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- Theory of probability distributions

Law of total variance

In probability theory, the law of total variance or variance decomposition formula or conditional variance formulas or law of iterated variances also known as Eve's law, states that if and are random

List of convolutions of probability distributions

In probability theory, the probability distribution of the sum of two or more independent random variables is the convolution of their individual distributions. The term is motivated by the fact that

Expected return

The expected return (or expected gain) on a financial investment is the expected value of its return (of the profit on the investment). It is a measure of the center of the distribution of the random

Neutral vector

In statistics, and specifically in the study of the Dirichlet distribution, a neutral vector of random variables is one that exhibits a particular type of statistical independence amongst its elements

Bhatia–Davis inequality

In mathematics, the Bhatia–Davis inequality, named after Rajendra Bhatia and Chandler Davis, is an upper bound on the variance σ2 of any bounded probability distribution on the real line.

Besov measure

In mathematics — specifically, in the fields of probability theory and inverse problems — Besov measures and associated Besov-distributed random variables are generalisations of the notions of Gaussia

Posterior predictive distribution

In Bayesian statistics, the posterior predictive distribution is the distribution of possible unobserved values conditional on the observed values. Given a set of N i.i.d. observations , a new value w

Schrödinger method

In combinatorial mathematics and probability theory, the Schrödinger method, named after the Austrian physicist Erwin Schrödinger, is used to solve some problems of . Suppose are independent random va

Univariate

In mathematics, a univariate object is an expression, equation, function or polynomial involving only one variable. Objects involving more than one variable are multivariate. In some cases the distinc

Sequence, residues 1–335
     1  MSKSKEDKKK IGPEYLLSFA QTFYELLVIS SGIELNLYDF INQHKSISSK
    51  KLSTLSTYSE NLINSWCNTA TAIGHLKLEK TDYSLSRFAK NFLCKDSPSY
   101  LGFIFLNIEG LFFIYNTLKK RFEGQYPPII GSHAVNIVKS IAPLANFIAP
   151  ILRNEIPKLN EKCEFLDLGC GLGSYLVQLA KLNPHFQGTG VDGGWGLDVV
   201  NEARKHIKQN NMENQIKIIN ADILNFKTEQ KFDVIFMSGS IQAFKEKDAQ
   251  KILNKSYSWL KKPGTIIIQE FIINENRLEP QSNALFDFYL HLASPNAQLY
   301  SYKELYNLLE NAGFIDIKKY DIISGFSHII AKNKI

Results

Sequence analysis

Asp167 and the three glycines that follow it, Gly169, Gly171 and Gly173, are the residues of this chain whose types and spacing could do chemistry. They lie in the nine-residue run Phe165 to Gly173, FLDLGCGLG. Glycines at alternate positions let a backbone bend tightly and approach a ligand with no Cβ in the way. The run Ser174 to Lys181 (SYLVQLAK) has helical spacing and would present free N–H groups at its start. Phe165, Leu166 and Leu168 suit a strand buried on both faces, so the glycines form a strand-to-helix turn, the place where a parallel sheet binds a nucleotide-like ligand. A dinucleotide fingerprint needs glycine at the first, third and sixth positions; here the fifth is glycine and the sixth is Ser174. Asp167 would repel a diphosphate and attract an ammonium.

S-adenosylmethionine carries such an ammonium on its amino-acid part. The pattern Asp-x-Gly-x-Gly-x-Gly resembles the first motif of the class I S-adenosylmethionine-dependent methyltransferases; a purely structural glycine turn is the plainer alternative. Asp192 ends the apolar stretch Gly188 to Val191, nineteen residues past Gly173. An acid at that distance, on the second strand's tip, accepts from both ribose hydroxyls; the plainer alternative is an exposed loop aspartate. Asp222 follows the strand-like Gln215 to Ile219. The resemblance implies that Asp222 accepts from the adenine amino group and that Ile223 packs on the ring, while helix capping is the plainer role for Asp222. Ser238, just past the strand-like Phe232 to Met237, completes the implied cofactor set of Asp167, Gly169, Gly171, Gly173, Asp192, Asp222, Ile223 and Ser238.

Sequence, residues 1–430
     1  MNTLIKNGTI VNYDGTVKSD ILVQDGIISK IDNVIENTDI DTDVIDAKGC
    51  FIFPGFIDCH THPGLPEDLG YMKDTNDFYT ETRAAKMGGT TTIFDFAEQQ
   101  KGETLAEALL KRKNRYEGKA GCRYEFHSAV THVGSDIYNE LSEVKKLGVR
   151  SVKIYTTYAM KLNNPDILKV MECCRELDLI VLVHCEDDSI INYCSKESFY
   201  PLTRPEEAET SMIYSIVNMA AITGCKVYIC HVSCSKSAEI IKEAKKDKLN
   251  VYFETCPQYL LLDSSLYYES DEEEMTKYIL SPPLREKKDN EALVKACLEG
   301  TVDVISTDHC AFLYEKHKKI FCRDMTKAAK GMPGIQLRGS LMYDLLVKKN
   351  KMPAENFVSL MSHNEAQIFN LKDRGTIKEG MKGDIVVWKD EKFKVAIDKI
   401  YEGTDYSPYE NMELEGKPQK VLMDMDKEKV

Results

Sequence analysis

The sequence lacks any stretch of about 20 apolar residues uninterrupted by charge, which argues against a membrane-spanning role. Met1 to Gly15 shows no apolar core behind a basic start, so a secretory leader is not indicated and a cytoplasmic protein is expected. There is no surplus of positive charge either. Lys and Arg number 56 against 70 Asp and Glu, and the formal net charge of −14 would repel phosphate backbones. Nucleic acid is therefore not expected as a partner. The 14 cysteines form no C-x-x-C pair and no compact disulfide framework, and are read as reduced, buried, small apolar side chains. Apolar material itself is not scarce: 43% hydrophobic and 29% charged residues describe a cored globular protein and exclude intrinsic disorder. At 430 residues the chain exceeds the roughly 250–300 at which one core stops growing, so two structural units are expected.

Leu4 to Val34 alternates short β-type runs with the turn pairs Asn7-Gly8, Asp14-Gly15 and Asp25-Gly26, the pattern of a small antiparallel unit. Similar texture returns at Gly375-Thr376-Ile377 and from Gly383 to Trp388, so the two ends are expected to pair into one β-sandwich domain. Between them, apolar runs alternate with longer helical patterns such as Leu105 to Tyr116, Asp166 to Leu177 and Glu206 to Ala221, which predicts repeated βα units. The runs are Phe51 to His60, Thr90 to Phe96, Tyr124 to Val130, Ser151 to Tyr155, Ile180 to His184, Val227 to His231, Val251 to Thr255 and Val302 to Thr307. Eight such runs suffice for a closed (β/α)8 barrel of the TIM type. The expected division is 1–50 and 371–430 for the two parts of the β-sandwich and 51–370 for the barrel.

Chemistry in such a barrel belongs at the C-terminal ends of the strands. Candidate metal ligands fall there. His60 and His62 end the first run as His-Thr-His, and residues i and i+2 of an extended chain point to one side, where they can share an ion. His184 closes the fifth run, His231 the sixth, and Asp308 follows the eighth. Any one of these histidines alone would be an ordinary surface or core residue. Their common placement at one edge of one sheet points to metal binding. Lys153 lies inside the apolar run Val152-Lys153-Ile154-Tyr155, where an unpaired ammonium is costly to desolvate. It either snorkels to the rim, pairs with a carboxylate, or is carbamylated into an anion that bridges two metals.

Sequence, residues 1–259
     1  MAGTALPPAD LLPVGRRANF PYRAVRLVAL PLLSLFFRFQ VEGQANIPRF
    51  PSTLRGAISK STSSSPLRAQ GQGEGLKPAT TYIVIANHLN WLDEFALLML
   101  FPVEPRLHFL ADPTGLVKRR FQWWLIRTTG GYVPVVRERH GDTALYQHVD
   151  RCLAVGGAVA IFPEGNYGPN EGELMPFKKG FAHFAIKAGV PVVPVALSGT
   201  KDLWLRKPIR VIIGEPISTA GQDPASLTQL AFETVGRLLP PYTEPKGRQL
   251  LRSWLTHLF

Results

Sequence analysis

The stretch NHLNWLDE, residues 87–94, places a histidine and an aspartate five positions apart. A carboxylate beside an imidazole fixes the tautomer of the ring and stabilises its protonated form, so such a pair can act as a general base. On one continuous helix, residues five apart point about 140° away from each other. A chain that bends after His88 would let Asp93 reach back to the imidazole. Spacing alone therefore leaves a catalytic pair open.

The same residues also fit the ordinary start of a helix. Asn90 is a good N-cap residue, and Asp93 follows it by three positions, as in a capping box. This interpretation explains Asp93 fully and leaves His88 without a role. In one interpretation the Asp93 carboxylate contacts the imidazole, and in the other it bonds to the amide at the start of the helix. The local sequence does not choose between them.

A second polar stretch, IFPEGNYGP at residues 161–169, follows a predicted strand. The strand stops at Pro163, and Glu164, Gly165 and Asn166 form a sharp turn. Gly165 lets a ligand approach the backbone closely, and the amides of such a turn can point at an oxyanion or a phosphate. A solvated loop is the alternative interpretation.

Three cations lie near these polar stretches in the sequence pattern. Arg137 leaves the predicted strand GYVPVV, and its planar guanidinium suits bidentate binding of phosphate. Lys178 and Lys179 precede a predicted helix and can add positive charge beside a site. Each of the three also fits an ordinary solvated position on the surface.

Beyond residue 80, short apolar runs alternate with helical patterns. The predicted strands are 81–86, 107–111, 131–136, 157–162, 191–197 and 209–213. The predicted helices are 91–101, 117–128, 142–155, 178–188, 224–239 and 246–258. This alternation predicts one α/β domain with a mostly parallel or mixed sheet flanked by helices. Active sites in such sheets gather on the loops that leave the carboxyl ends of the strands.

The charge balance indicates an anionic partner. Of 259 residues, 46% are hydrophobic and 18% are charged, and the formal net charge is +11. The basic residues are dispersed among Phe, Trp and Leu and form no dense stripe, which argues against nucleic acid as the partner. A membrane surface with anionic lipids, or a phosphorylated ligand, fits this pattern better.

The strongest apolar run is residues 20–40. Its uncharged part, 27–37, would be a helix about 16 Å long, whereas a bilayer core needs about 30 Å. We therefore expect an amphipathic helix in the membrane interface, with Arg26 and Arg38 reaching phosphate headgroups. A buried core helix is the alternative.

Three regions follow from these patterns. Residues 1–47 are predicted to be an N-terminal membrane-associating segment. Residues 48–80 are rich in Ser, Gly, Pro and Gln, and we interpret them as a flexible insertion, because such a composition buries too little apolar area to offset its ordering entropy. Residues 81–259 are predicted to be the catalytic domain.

Monotone likelihood ratio

In statistics, the monotone likelihood ratio property is a property of the ratio of two probability density functions (PDFs). Formally, distributions ƒ(x) and g(x) bear the property if that is, if the

Popoviciu's inequality on variances

In probability theory, Popoviciu's inequality, named after Tiberiu Popoviciu, is an upper bound on the variance σ2 of any bounded probability distribution. Let M and m be upper and lower bounds on the

Group actions in computational anatomy

Group actions are central to Riemannian geometry and defining orbits (control theory). The orbits of computational anatomy consist of anatomical shapes and medical images; the anatomical shapes are su

Normally distributed and uncorrelated does not imply independent

In probability theory, although simple examples illustrate that linear uncorrelatedness of two random variables does not in general imply their independence, it is sometimes mistakenly thought that it

Hellinger distance

In probability and statistics, the Hellinger distance (closely related to, although different from, the Bhattacharyya distance) is used to quantify the similarity between two probability distributions

Stein's method

Stein's method is a general method in probability theory to obtain bounds on the distance between two probability distributions with respect to a probability metric. It was introduced by Charles Stein

Infinite divisibility (probability)

In probability theory, a probability distribution is infinitely divisible if it can be expressed as the probability distribution of the sum of an arbitrary number of independent and identically distri

Continuity correction

In probability theory, a continuity correction is an adjustment that is made when a discrete distribution is approximated by a continuous distribution.

Kernel embedding of distributions

In machine learning, the kernel embedding of distributions (also called the kernel mean or mean map) comprises a class of nonparametric methods in which a probability distribution is represented as an

Limiting density of discrete points

In information theory, the limiting density of discrete points is an adjustment to the formula of Claude Shannon for differential entropy. It was formulated by Edwin Thompson Jaynes to address defects

Probability integral transform

In probability theory, the probability integral transform (also known as universality of the uniform) relates to the result that data values that are modeled as being random variables from any given c

Probable error

In statistics, probable error defines the half-range of an interval about a central point for the distribution, such that half of the values from the distribution will lie within the interval and half

Cokurtosis

In probability theory and statistics, cokurtosis is a measure of how much two random variables change together. Cokurtosis is the fourth standardized cross central moment. If two random variables exhi

Khmaladze transformation

In statistics, the Khmaladze transformation is a mathematical tool used in constructing convenient goodness of fit tests for hypothetical distribution functions. More precisely, suppose are i.i.d., po

Marginal distribution

In probability theory and statistics, the marginal distribution of a subset of a collection of random variables is the probability distribution of the variables contained in the subset. It gives the p